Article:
Last week, we all heard about the $26 billion foreclosure settlement between the big banks and federal and state officials. Some have called it a “wrist slap” compared to the hardships faced by 4 million homeowners who have lost their homes and another 3.3 million who are in or close to foreclosure.
At best, this payout will reach about two million former and current homeowners. The banks will grant some $10 billion worth of principal reduction, $3 billion in refinancing, and $7 billion in other mortgage relief. $1.5 billion will be cash payments of roughly $2,000 to some 750,000 borrowers who were treated unfairly. Lastly, $3.5 billion will go to state and federal governments to fund the aiding and counseling of borrowers facing foreclosure.
The banks did not get a blanket relief. But, it does protect them from state and federal civil lawsuits for most foreclosure abuses, excessive late fees and conflicts of interest that caused banks to favor foreclosures over modifications. Going forward, banks will be subject to tougher rules for servicing loans and executing foreclosures.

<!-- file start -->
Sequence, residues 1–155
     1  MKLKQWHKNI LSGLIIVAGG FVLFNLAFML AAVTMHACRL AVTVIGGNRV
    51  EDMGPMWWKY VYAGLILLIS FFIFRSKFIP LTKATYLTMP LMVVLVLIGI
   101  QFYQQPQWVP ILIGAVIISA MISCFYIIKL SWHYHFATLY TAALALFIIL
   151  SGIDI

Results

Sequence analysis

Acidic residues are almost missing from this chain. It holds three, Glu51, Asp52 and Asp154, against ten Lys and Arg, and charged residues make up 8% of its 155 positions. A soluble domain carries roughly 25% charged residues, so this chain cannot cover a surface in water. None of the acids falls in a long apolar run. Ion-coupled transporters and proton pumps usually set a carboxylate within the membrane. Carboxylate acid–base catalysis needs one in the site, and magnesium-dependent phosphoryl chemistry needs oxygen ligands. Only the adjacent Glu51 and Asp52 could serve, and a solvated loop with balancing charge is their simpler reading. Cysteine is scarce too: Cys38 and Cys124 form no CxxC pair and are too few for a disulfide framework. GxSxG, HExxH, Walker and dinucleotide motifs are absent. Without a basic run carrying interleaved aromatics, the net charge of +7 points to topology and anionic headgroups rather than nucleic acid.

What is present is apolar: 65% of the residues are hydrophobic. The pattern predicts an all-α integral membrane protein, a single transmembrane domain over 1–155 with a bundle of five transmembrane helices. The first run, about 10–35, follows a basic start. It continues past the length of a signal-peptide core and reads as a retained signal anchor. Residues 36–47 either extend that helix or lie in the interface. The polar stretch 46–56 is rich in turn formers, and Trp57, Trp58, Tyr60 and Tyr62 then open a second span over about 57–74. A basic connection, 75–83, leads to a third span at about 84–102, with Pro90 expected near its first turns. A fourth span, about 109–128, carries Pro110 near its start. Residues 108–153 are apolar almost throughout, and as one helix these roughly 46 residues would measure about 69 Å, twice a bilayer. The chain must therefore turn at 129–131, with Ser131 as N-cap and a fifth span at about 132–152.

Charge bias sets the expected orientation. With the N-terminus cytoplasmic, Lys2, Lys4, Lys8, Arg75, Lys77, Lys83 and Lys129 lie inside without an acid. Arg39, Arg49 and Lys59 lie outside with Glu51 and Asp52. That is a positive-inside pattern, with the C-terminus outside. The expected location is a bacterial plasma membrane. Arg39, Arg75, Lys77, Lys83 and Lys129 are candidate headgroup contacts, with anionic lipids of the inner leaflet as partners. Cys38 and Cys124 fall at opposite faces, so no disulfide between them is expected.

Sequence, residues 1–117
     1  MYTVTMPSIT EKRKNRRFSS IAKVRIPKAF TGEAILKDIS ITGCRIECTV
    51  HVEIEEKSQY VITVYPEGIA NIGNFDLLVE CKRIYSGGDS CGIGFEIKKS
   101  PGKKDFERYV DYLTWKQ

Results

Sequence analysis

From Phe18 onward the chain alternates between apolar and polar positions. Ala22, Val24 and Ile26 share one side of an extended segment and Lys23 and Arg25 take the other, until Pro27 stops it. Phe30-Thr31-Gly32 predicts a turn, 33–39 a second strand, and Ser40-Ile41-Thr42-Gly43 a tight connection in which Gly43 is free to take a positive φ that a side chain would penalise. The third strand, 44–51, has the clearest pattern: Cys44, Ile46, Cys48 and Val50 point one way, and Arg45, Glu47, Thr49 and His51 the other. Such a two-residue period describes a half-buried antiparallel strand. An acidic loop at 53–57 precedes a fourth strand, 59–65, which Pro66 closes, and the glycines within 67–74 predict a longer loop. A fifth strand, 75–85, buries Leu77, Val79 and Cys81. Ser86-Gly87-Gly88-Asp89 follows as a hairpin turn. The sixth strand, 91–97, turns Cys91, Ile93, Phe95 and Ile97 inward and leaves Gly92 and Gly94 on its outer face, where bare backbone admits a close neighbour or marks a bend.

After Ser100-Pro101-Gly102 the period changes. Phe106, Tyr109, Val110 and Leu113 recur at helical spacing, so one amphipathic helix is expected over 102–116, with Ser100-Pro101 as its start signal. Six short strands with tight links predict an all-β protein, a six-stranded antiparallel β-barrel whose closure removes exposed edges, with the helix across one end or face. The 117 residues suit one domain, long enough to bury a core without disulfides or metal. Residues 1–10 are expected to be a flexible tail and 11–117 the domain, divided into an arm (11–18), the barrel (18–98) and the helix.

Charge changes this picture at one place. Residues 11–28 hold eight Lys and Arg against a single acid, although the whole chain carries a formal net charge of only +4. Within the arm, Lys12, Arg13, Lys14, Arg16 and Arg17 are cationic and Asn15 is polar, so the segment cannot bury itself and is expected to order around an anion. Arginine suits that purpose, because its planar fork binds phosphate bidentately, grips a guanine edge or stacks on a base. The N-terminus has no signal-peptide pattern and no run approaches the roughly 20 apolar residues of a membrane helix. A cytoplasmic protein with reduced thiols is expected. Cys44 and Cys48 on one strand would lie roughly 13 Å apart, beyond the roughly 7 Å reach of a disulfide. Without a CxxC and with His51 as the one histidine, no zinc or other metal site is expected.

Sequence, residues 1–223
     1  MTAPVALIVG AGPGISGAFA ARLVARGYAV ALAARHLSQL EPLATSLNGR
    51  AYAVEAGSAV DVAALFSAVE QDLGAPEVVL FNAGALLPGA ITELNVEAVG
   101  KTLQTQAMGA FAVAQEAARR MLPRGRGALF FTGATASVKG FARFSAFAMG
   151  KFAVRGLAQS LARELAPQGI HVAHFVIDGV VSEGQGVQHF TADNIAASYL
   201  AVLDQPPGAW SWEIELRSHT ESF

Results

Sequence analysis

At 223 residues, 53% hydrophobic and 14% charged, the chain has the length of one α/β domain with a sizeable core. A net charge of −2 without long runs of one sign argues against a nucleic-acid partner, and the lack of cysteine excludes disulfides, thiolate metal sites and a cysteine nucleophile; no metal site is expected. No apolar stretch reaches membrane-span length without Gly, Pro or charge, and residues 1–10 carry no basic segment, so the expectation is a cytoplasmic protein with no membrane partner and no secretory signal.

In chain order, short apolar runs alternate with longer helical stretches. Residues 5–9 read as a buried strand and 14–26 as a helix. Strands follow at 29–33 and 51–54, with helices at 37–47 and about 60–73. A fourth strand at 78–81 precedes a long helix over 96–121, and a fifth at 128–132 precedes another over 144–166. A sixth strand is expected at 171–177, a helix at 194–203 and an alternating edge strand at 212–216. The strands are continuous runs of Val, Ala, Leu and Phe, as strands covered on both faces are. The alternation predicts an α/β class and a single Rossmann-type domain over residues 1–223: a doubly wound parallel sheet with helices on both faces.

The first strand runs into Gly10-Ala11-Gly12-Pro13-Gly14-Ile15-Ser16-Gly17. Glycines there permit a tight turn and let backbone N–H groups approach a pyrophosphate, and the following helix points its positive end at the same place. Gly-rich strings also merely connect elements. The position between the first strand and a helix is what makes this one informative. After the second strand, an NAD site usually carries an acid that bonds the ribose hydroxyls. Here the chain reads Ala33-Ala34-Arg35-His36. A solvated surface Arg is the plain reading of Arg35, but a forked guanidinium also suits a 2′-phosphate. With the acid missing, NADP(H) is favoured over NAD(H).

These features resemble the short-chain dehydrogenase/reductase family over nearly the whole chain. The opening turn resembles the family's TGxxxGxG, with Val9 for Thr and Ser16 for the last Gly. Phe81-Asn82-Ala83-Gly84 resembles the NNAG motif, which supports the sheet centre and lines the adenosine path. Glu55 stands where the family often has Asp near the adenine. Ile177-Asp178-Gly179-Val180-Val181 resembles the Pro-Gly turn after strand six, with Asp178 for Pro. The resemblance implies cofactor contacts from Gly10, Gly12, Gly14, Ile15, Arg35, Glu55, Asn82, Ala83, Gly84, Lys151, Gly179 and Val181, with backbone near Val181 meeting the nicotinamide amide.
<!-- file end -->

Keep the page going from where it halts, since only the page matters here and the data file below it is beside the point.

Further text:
The settlement also allows further investigation into mortgage abuses which led to the financial crisis. As President Obama outlined in the State of the Union address, he intends to expand the inquiry and produce broader accountability.
Eighty years ago, the Pecora Commission actually produced results, though appointed three years after the Wall Street crash of 1929 and the subsequent Depression. Ferdinand Pecora was appointed by the Senate committee in 1932 and received broad inquiry powers in 1933. Ultimately, his commission’s report ran thousands of pages.
Congress responded to the report by passing three major pieces of legislation. First, the Glass-Steagall Banking Act, which separated commercial and investment banking. Second, the Securities Act of 1933, which established penalties for filing false information about stock offerings. And, third, the Securities Exchange Act, which created the Securities and Exchange Commission to regulate stock exchanges. Nearly fifty years of financial stability followed.
We hope the task force appointed by President Obama is more than election maneuvering and that this is not a meaningless exercise. A modern day version of the Pecora Commission might really make a difference for the future.